Pressure-controlled ventilation in children with severe status asthmaticus

Ashok P Sarnaik, Kshama M Daphtary, Kathleen L Meert, Mary W Lieh-Lai, Sabrina M Heidemann
Pediatric Critical Care Medicine 2004, 5 (2): 133-8

OBJECTIVE: The optimum strategy for mechanical ventilation in a child with status asthmaticus is not established. Volume-controlled ventilation continues to be the traditional approach in such children. Pressure-controlled ventilation may be theoretically more advantageous in allowing for more uniform ventilation. We describe our experience with pressure-controlled ventilation in children with severe respiratory failure from status asthmaticus.

DESIGN: Retrospective review.

SETTING: Pediatric intensive care unit in a university-affiliated children's hospital.

PATIENTS: All patients who received mechanical ventilation for status asthmaticus.

INTERVENTIONS: Pressure-controlled ventilation was used as the initial ventilatory strategy. The optimum pressure control, rate, and inspiratory and expiratory time were determined based on blood gas values, flow waveform, and exhaled tidal volume.

MEASUREMENT AND MAIN RESULTS: Forty patients were admitted for 51 episodes of severe status asthmaticus requiring mechanical ventilation. Before the institution of pressure-controlled ventilation, median pH and Pco(2) were 7.21 (range, 6.65-7.39) and 65 torr (29-264 torr), respectively. Four hours after pressure-controlled ventilation, median pH increased to 7.31 (6.98-7.45, p <.005), and Pco(2) decreased to 41 torr (21-118 torr, p <.005). For patients with respiratory acidosis (Pco(2) >45 torr) within 1 hr of starting pressure-controlled ventilation, the median length of time until Pco(2) decreased to <45 torr was 5 hrs (1-51 hrs). Oxygen saturation was maintained >95% in all patients. Two patients had pneumomediastinum before pressure-controlled ventilation. One patient each developed pneumothorax and subcutaneous emphysema after initiation of pressure-controlled ventilation. All patients survived without any neurologic morbidity. Median duration of mechanical ventilation was 29 hrs (4-107 hrs), intensive care stay was 56 hrs (17-183 hrs), and hospitalization was 5 days (2-20 days).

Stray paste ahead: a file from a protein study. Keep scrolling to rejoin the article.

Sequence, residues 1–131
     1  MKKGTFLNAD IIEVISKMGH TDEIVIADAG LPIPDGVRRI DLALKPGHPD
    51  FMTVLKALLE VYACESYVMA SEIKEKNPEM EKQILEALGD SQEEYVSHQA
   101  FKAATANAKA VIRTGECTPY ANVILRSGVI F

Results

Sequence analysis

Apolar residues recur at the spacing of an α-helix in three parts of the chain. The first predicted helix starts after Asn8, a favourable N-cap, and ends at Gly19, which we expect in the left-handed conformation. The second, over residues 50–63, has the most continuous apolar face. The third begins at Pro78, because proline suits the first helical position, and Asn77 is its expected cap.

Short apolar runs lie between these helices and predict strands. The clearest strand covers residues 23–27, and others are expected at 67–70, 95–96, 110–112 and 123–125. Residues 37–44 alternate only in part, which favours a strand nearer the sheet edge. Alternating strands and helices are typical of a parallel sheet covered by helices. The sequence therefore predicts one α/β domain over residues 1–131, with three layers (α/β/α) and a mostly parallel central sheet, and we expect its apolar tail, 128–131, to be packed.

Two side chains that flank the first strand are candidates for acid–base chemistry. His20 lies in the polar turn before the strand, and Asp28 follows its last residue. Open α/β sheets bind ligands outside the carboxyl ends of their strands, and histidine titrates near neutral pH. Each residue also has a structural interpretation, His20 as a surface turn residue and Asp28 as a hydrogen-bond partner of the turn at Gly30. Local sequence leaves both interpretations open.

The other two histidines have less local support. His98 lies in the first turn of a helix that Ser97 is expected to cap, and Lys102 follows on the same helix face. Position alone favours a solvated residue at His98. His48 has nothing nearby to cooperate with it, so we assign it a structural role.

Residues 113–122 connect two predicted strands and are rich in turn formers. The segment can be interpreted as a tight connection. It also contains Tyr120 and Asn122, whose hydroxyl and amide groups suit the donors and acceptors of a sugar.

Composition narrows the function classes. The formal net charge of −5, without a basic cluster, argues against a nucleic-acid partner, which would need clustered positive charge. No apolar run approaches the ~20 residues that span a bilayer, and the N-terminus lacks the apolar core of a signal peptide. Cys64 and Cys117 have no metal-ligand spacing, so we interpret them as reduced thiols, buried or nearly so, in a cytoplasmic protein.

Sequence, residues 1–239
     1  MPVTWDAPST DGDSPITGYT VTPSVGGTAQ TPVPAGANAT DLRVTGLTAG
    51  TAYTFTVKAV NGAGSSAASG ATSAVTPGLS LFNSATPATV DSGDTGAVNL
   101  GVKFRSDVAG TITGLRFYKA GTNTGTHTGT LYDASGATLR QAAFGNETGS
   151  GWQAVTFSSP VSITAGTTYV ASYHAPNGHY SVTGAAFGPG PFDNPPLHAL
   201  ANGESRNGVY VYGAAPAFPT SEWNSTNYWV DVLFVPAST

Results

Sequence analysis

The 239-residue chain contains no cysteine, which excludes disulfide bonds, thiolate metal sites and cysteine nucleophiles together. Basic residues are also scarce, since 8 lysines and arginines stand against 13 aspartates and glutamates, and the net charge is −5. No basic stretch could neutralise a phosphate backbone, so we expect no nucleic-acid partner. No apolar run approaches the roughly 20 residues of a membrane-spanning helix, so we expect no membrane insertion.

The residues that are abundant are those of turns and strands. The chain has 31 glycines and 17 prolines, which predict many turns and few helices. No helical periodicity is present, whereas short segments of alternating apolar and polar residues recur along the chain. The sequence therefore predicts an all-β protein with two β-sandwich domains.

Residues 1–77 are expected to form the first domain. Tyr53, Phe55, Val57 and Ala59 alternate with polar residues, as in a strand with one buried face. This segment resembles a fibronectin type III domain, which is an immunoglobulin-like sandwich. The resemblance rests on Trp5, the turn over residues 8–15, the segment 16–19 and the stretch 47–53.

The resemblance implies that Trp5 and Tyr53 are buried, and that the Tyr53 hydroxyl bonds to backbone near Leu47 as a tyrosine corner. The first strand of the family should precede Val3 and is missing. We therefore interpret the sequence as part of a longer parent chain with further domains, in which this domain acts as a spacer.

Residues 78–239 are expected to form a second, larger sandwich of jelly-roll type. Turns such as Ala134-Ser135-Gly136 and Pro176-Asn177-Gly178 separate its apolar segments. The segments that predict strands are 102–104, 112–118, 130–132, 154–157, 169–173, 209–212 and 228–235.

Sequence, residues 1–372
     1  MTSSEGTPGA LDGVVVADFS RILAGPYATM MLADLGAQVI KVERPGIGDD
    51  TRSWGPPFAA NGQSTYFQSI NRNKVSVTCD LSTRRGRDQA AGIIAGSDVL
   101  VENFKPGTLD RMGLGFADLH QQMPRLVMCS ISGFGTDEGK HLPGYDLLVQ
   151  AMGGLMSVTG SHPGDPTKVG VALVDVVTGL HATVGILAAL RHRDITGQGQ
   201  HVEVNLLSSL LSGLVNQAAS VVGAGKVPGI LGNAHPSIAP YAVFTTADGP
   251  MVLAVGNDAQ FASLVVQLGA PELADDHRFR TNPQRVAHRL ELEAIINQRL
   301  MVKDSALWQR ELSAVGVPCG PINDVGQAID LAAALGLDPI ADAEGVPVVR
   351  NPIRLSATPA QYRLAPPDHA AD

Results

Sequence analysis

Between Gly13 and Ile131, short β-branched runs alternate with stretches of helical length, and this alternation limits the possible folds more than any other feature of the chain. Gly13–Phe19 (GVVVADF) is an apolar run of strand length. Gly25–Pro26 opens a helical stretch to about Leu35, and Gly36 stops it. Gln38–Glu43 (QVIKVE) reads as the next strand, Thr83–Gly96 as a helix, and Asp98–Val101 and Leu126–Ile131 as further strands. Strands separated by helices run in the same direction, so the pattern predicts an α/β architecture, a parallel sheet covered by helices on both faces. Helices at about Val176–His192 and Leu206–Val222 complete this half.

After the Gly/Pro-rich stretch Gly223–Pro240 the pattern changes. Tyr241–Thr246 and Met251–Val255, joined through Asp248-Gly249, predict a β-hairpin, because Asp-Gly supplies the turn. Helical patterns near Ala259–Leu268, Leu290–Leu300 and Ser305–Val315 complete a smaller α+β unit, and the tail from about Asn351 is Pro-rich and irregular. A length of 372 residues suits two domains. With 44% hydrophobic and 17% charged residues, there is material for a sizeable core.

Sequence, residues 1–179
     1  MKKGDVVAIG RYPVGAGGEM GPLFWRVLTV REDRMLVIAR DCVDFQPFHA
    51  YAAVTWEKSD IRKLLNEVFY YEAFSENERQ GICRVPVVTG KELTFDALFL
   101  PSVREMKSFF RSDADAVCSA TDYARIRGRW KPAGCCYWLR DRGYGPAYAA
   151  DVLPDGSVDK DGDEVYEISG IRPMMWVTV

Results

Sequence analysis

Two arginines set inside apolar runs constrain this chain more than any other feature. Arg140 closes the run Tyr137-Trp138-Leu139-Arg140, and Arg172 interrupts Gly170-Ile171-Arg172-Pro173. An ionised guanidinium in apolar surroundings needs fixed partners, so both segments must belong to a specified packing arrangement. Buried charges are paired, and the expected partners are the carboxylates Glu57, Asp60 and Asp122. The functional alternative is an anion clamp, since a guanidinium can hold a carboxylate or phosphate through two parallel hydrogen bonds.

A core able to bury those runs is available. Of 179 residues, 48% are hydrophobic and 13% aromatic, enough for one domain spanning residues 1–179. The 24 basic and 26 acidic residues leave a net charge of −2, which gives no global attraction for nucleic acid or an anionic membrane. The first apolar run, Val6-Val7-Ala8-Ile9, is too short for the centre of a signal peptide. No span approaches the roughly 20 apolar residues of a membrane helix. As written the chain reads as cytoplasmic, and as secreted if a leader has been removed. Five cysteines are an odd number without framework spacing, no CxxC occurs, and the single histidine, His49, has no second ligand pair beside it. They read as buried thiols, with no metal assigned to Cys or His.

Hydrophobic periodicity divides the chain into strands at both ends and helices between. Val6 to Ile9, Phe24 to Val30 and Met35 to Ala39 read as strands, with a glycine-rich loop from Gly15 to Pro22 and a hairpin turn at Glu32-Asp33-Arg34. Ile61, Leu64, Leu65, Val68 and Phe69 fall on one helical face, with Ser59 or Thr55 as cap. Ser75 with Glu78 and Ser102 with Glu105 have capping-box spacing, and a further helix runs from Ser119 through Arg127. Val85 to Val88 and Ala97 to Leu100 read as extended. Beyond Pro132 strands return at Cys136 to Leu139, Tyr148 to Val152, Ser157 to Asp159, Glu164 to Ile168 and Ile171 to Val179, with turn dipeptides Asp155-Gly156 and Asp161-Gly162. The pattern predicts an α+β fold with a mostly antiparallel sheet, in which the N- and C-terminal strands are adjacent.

CONCLUSIONS: Based on this retrospective study, we suggest that pressure-controlled ventilation is an effective ventilatory strategy in severe status asthmaticus in children. Pressure-controlled ventilation represents a therapeutic option in the management of such children.

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